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New Seasons

New Seasons

by Sheila Jacobs

New Seasons – At the start of every year, I lay the following twelve months out before Jesus, like a map, or like a blank piece of paper. I don’t know where this year will take me, the route I am meant to follow, or what the outcome will be. I trust God for signposts. Perhaps this year will be one of great possibilities and big choices. It could be that there will be smaller events and that the path I’m walking now will see very little change. If that’s the case, I’ll just keep walking.

I like walking. I often meet with God when I’m outside, away from my desk. When I’m wandering about in the countryside, noticing the changing seasons, God speaks to me. Changing seasons reflect life.

I am in the autumn of my life; some of my leaves are a bit shrivelled (!) but of course, autumn is the time of great fruitfulness. As I walk, God speaks to me about ‘low-hanging fruit’, the people who are close to the kingdom, who are aching to hear about a Saviour who loves them. I need to listen to God and discern when and where to speak, and to whom. God knows what they need, I do not; he understands their hearts. And he understands mine too.

Feeling dry

Last year, I felt as dry as the stubble fields. But stubble fields don’t remain as stubble, do they? They’re ploughed up. The hard ground is tilled, ready for a new crop. One day in the autumn I realised I was ‘hard’ and needed my ‘ground’ to be softened. It had been a tough year, and the hardness was probably an emotional shield; my mum had died after a long illness in October 2021. It was as if a difficult chapter had ended, and the page had not yet been turned. I was emotionally exhausted. God had made me many promises and had been faithful. But what next, Lord? I knew I needed to ‘wait’. In truth, I didn’t have the energy for anything else. And that waiting, a time of rest and recuperation, was vital for me.

Moving on during a season of grief can be very hard – whether it is due to the loss of a person, or a relationship. Last new year, when I spent my quiet time with the Lord, I knew he was telling me to wait twelve months before I made any great decisions. That was a year of grace; a downtime, a time of not pushing forward, not making any huge changes. Just treading water. Getting involved in some street evangelism, meeting people for coffee; being easy on myself and with others but doing little else apart from work. Sometimes we need that ‘time out’, especially when we’ve taken a bit of an emotional hammering. God knows when we need to ‘get some rest’ (Mark 6:31), in a quiet place with him, before we are feeling refreshed and restored, ready to walk out into whatever he has planned for us next. We don’t need to rush. Rushing rarely results in anything good. I knew I needed to take my time to heal.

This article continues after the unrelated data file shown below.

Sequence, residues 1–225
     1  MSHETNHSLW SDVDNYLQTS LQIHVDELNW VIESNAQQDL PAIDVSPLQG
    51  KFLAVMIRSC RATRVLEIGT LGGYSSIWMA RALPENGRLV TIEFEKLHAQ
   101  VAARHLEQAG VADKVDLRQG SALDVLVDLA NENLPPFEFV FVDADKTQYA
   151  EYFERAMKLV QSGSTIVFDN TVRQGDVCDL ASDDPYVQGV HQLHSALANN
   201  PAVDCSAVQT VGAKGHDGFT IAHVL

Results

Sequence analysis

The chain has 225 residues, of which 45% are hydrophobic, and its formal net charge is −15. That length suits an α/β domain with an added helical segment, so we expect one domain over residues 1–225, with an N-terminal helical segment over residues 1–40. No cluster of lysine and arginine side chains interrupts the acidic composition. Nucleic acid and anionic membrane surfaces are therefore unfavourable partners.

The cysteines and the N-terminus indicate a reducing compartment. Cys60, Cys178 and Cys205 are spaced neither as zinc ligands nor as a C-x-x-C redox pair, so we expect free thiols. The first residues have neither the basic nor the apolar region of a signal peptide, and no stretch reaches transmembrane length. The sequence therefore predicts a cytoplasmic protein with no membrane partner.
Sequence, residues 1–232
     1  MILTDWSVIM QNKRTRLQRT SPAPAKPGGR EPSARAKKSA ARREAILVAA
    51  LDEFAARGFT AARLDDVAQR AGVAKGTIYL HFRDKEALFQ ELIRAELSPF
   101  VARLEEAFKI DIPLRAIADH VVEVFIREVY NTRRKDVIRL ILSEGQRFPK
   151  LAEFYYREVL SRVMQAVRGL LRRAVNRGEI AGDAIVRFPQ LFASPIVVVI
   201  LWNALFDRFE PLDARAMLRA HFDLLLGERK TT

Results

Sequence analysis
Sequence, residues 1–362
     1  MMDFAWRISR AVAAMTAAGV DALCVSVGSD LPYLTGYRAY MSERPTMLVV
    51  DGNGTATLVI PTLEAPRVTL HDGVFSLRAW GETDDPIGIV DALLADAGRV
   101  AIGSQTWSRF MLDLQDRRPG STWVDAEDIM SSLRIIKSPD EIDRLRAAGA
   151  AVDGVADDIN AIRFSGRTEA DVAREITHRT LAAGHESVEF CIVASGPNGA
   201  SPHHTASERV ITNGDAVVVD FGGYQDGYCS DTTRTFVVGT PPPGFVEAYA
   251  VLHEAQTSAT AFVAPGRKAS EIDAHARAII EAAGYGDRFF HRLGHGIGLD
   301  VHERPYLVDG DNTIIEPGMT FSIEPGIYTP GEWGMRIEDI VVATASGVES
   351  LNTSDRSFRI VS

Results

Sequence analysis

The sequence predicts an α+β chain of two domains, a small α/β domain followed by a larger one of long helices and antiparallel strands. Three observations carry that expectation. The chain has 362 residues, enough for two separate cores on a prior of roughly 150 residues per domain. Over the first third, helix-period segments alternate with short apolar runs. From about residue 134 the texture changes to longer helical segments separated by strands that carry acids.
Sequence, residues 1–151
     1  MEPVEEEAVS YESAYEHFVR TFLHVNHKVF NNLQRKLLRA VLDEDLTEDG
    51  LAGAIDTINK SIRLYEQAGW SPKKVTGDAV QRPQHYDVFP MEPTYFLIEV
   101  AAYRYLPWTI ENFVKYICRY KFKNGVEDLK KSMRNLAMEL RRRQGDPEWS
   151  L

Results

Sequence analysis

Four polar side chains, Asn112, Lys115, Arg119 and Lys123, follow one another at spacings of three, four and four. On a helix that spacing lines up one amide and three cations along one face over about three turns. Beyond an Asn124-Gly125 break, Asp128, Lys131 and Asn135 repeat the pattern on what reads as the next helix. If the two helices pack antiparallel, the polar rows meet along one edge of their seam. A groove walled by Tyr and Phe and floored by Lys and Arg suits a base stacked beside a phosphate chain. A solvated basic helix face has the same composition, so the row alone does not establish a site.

Conclusion

At the top of the year, things begin to change, slowly, slowly. The frost breaks up the hard ground. The hard ground yields and produces the first snowdrop. Hope begins again.

Maybe you have felt dry, cold, switched off, due to grief, sadness, or disappointment. Disappointment can come in many shapes and sizes: a relationship that didn’t work out; a promise that wasn’t kept; getting older and realising that there have been hopes that didn’t materialise. But if you know Jesus, don’t despair. God is a God of new seasons and new beginnings.

The new year, with new possibilities, is a special time. Old festivities are over, and nothing can bring the past back. Spring is on its way, and this year will be different to the last. Laying it all out before God, inviting him to reveal the next chapter in his own time is far better than scribbling some ideas on a page and hoping our dreams will come true if God rubberstamps them. If God promises something, he will not let us down. And we don’t have to force his hand, jumping into something new that might not be right, before we are ready. That way we damage ourselves – and may damage others too.

As we wait on him, we will grow ever closer to the One who knows our future as well as our past. He has good plans for us, but he asks us to seek him first – to make knowing him our ultimate goal (Jeremiah 29:11-12). If we make Jesus our priority, then we might be surprised what he will bring, as we walk along the path of the new year.

Perhaps, if you can, go for a walk. Look at the bleakness of the trees in a field or park or garden, which look dead but aren’t. New life is there, hidden, just waiting to burst out in the coming months. Who knows what life will burst out in ourselves, as we yield everything to Jesus? He himself is life (John 14:6) and if you know him, that life lives in you!

All scriptures NIV 2011 (UK)

Sheila Jacobs is a writer, editor, and an award-winning author of 19 books, including Watchers. Her latest title is A Little Book of Rest: Walking Out of Anxiety and Fear (Malcolm Down).